While I was constructing my compost pile I had to attach the rabbit fencing
to the boards - so I used U staples. Those have got to be the hardest
things to insert into a board. 2 of the worst aspects in a fastener, 1 they
are round and uneven meaning you have to hit them just perfectly in order to
drive them in, 2 they are small so you have to hit them with your fingers
right on the impact surface.
Do the staples with the flat hammer spot at the top of the "U" go in easier,
or are staples like this just a big pain to propery hammer in? If so I
really feel sorry for people who have to string barbed wire fences.
For barbed-wire fences, there is a staple driver tool:
that is called a Goldenrod Hired Hand Staple Driver.
It holds a stick of staples and is hammer-powered so that no fingers
get smashed. It's $50, which is fairly expensive for a bit of rabbit
I have a pneumatic medium-crown construction stapler that would do the
trick, but it's way too expensive other than borrowing from a friend,
unless you already have one. Used to attach sheathing to framing in
On Thu, 15 Jun 2006 21:26:28 -0700, "Eigenvector"
So it's not just me then. I was beginning to wonder if I was doing it the
wrong way or something. I can't fathom doing this for more than a few quick
jobs. Trying to hold the fencing in tension, while driving a very small
uneven staple into wood with a hammer just isn't fun.
Guys who used to do this all day could stick them in the wood with a
finger and drive them home with one sharp whack of the hammer and they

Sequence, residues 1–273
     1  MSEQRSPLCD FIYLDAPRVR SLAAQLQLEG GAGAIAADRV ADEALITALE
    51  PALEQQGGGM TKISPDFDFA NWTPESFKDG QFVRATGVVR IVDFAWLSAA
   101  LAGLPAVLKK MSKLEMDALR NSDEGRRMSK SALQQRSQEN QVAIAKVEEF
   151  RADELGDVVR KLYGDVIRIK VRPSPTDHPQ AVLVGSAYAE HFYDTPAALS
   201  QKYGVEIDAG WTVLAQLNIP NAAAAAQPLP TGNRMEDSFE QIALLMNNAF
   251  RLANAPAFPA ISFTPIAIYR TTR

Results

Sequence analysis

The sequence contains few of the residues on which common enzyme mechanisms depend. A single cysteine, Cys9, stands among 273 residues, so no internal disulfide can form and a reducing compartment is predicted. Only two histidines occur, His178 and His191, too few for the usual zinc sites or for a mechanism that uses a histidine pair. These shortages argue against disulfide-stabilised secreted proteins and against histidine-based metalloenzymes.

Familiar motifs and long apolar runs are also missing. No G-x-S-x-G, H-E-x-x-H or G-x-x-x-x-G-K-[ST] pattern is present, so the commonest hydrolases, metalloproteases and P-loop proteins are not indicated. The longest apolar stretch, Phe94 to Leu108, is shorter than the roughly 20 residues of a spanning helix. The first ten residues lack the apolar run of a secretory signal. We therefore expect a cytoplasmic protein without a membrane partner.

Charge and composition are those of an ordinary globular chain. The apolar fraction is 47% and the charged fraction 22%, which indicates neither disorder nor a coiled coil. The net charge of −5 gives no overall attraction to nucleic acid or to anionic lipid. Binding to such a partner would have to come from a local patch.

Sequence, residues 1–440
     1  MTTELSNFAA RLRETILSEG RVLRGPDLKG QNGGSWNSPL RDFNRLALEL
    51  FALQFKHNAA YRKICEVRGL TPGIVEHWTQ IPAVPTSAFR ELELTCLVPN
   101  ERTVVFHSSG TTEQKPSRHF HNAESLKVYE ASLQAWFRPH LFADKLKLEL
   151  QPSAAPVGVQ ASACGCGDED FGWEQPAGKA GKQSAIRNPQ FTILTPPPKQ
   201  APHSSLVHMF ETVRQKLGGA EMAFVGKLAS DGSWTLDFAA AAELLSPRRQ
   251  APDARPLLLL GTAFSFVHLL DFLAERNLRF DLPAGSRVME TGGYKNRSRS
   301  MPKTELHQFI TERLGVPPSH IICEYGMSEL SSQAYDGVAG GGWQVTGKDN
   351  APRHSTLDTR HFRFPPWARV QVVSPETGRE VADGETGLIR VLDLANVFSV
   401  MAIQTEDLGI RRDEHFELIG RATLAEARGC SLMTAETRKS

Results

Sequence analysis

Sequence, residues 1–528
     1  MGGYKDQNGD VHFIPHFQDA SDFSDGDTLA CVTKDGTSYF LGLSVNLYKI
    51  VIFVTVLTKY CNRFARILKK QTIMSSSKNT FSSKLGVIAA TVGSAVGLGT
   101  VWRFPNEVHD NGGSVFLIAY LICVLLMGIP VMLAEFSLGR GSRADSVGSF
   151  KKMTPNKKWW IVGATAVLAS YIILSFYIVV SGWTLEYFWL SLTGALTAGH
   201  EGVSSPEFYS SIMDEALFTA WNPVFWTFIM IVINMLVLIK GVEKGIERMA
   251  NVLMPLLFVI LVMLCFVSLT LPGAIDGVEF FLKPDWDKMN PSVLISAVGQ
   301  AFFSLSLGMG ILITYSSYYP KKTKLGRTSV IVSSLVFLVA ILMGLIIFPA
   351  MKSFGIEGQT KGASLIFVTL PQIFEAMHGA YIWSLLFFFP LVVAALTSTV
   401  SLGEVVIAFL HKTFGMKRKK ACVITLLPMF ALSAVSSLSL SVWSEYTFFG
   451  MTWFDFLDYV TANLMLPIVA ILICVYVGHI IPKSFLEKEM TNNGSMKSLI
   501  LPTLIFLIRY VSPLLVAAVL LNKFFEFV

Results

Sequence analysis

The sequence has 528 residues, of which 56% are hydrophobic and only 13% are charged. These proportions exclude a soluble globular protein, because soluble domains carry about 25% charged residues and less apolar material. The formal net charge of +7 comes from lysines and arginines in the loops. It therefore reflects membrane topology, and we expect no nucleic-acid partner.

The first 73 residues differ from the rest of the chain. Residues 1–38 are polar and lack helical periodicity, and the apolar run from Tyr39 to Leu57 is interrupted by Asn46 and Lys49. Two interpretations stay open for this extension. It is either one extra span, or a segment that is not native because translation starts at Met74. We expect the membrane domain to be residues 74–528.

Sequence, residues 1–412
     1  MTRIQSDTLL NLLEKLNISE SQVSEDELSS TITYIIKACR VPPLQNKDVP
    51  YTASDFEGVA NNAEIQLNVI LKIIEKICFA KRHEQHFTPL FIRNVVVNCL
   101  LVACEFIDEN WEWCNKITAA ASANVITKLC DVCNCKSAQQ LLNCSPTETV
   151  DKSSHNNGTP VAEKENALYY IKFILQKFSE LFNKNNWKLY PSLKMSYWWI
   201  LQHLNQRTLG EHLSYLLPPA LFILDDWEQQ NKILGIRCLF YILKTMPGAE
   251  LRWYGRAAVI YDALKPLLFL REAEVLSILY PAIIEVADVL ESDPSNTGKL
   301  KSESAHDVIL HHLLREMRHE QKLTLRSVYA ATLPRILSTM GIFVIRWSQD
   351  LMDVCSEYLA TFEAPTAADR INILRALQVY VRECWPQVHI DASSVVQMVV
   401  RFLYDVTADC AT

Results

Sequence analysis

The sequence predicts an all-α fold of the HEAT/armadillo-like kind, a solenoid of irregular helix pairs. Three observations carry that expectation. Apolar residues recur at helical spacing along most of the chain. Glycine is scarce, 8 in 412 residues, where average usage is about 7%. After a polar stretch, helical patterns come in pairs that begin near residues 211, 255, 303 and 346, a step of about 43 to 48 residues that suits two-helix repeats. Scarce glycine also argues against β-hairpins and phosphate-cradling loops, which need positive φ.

looked beautiful. I am with you, I never got the trick down .
I did usually end up with a purple thumb before I got the needle nosed
Now that's another problem - stretching the fence while stapling it to
lumber. It should be possible to get adequate tension between corner
posts, connect at the corners, then attach to the line posts. A single
stretch should be sufficient since the tension is set once the corners
are stapled. Usually a two-man job.
The staples work well for their intended purpose - attaching wire
fencing to rounded fence posts. They were not designed to go into
boards. That said, hold them like roofing nails - between the first &
second finger tips, palm up, with the thumb out of the way. One tap to
set the points into the wood, remove the hand, and one or two solid
hits to drive it all the way in. The more times you hit it, the more
it will go askew.
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